Milk is one of the most nutritious drinks in the world. Not only is it rich in protein, but it’s also an excellent source of calcium, potassium, and riboflavin.

Given that, it’s probably a good idea to incorporate it into your diet. There are other dairy products that you can eat as well such as butter, cream, yogurt, and cheese, all of which are made from cow’s milk.

Are you a milk fan? Looking for some fun dairy farming facts? If so, you’re on the right page. We’ll be going over a few things below.

Keep reading to find out what they are!

5 Interesting Dairy Farming Facts

There are a lot of misconceptions regarding the dairy industry. Here are a few facts that you might not have known about!

1. Cows Have to Give Birth to Produce Milk

Cows can only produce milk after they’ve given birth. Generally speaking, this happens when they’re around 24 months of age, however, it does differ depending on the farm.

In terms of the amount of milk, most dairy cows produce the most milk around 30 to 60 days after they’ve given birth.

2. Dairy Cows Can Eat Upwards of 100 Pounds of Food Every Day

Dairy cows can eat as much as 100 pounds of food a day. Generally speaking, forage such as pasture grass, makes up the majority of their diet.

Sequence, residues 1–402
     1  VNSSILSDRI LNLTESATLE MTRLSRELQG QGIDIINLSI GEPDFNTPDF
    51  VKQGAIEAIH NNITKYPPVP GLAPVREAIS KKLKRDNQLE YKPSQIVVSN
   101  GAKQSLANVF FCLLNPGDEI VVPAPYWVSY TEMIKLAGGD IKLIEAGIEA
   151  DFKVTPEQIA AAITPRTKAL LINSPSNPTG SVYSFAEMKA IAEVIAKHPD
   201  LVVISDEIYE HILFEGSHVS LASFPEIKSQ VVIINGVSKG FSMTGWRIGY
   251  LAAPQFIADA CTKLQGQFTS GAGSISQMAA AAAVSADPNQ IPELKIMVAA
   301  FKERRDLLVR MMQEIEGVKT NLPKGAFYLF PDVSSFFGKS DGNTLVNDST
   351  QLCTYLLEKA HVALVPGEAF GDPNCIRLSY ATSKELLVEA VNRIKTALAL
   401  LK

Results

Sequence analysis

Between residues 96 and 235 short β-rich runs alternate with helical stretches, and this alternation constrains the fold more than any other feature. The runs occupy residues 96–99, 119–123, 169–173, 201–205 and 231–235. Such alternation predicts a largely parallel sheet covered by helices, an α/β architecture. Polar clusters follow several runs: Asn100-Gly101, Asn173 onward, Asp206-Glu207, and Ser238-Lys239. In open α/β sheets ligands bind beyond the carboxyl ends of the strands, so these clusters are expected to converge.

However, many are also fed corn, dry hay, barley, wheat, and vitamin supplements. In some cases, “salt licks” are also provided to increase feed intake, which results in better milk production.

3. Dairy Cows Have “Four Stomachs”

Dairy cows are special in that their stomachs consists of four compartments. More specifically, there’s the rumen, reticulum, omasum, and abomasum. If anything, that’s what makes them so unique.

This allows them to break down and digest grasses and other roughage. In doing so, they’re able to covert plants into nutritious milk.

4. Dairy Cows Prefer Cooler Temperatures

Dairy cows have thick skin and hair. Given that, it’s not surprising to know that they prefer cooler temperatures—between 40 and 65F.

During the summer, many farms will turn on their barns’ water misters and fans to keep them cool. As for the winter, most farms will often close the barn doors.

5. Most Dairy Farms Are Family-owned Businesses

Over 90% of dairy farms in the U.S. are family-owned operations. What’s more, is that nearly all of them are small family farms.

For those who are curious about numbers, there are nearly 49,000 dairy farms across the country with nearly 500 milk processing plants.

Do you have a dairy business? If so, you might want to check out this food distribution software.

Understanding Dairy Farming

And there you have it—five dairy farming facts. Which one did you find the most surprising?

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